This workshop is included in the ConferencePlus package. Save $200 on the ConferencePlus and Conference Only options.

To get your Bluebill discount use priority code 200BB when registering online.

I would like my $200 registration discount – code 200BB

 

Frank Gilbane interview on Big Data

Big data is something we cover at our conference and this puzzles some given our audience of content managers, digital marketers, and IT, so I posted Why Big Data is important to Gilbane Conference attendees on gilbane.com to explain why. In the post I also included a list of the presentations at Gilbane Boston that address big data. We don’t have a dedicated track for big data at the conference but there are six presentations including a keynote.

I was also interviewed on the CMS-Connected internet news program about big data the same week, which gave me an opportunity to answer some additional questions about big data and its relevance to the same kind of  audience. There is still a lot more to say about this, but the post and the interview combined cover the basics.

The CMS-Connected show was an hour long and also included Scott and Tyler interviewing Rob Rose on big data and other topics. You can see the entire show here, or just the 12 twelve minute interview with me below.

First group of Gilbane sponsors posted for Boston conference

Conference planning is starting to ramp up. See our first group of Gilbane sponsors, and don’t forget the call for papers!

Why marketing is the next big money sector in technology

Ajay Agarwal from Bain Capital Ventures predicts that because of the confluence of big data and marketing Marketing is the next big money sector in technology and will lead to several new multi-billion dollar companies. His post is succinct and convincing, but there are additional reasons to believe he is correct.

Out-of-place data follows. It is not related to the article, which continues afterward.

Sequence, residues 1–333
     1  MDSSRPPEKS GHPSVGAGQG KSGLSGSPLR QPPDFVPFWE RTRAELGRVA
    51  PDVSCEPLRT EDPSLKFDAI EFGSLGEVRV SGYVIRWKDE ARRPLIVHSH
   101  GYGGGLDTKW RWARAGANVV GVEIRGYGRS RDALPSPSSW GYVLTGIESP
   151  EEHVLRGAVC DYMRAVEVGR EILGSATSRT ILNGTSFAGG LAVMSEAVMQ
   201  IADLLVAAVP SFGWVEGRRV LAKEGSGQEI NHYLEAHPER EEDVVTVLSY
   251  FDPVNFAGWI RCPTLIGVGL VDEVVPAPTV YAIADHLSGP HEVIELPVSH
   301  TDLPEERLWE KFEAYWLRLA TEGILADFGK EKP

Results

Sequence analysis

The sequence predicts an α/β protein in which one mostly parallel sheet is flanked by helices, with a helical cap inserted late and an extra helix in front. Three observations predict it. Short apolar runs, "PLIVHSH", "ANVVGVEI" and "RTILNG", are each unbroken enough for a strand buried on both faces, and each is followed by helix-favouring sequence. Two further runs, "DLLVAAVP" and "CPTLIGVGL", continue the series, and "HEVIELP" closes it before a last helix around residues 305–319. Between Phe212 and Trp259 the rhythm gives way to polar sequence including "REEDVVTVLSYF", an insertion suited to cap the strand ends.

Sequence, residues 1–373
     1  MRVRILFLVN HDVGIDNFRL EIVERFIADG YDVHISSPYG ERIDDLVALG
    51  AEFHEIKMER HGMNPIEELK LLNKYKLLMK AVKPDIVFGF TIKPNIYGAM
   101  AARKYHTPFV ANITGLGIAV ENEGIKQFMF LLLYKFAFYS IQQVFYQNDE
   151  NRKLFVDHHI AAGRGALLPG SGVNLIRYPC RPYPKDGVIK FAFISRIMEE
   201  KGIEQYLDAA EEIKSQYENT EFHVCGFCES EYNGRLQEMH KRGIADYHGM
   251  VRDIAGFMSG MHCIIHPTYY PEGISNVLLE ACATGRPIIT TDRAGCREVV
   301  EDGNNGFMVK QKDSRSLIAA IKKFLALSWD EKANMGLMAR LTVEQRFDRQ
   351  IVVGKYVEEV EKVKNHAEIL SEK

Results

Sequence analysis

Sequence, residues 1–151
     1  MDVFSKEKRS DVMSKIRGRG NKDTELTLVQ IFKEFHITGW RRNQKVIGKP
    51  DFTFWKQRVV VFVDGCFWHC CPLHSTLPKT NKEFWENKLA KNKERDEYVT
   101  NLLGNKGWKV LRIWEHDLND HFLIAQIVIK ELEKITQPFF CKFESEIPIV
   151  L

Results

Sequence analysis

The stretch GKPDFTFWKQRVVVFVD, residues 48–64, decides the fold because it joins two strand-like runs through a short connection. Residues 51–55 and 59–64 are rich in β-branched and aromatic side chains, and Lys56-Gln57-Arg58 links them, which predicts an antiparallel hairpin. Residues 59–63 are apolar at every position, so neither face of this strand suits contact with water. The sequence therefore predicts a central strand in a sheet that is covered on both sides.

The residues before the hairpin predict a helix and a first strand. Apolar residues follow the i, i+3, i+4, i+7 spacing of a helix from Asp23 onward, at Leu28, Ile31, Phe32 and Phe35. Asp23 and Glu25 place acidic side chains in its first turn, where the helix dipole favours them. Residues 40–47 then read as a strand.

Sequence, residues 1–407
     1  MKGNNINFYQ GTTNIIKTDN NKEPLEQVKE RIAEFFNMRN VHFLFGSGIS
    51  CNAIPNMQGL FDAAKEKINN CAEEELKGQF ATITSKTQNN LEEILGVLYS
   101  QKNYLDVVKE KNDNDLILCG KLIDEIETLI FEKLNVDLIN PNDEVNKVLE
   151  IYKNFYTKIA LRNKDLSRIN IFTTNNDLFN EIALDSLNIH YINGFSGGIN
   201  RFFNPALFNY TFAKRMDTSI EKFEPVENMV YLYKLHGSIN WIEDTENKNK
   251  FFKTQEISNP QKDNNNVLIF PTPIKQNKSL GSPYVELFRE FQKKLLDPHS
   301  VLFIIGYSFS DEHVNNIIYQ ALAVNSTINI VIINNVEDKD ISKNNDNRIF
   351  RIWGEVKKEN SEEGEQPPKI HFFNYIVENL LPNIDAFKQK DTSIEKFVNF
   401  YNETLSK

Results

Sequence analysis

Marketing spending more on IT than IT

Ajay opens his post with a quote from Gartner Group: “By 2017, a CMO will spend more on IT than the CIO”. It is difficult to judge this prediction without evaluating the supporting research, but it doesn’t sound unreasonable and the trend is unmistakable. Our own experience as conference organizers and consultants offers strong support for the trend. We cover the use of web, mobile, and content technologies for enterprise applications, and our audience has historically been 50% IT and 50% line of business or departmental. Since at least 2008 there has been a pronounced and steady increase in the percentage of marketers in our audience, so that 40% or more of attendees are now either in marketing, or in IT but assigned to marketing projects – this is about double what it was in earlier years. While web content management vendors have moved aggressively to incorporate marketing-focused capabilities and are now broadly positioned as hubs for customer engagement, the real driver is the success of the web. Corporate web sites have become the organizations’ new front door; companies have recognized this; and marketers are demanding tools to manage the visitor experience. Even during the peak of the recession spending on web content management, especially for marketing applications, was strong.

“Cloud” computing and workforce demographics have also beefed up marketers’ mojo. The increased ability to experiment and deploy applications without the administrative overhead and cost of IT or of software licenses has encouraged marketers to learn more about the technology tools they need to perform and helped instill the confidence necessary to take more control over technology purchases. A younger more tech-savvy workforce adds additional assertiveness to marketing (and all) departments. Now if only marketers had more data scientists and statisticians to work with…

Big data and big analytics

Big data has not caused, or contributed very much, to the increase in marketing spending to-date. Certainly there are very large companies spending lots of money on analyzing vast amounts of customer data from multiple sources, but most companies still don’t have enough data to warrant the effort of implementing big data technologies and most technology vendors don’t yet support big data technologies at all, or sufficiently. I agree with Ajay though that the “several multi-billion dollar” marketing technology companies that may emerge will have to have core big data processing and analytic strengths.

And not just because of the volume. One of the main reasons for the enterprise software bias for back office applications was that front office applications beyond simple process automation and contact data collection were just too difficult because they required processing unstructured, or semi-structured, data. Big data technologies don’t address all the challenges of processing unstructured data, but they take us a long way as tools to manage it.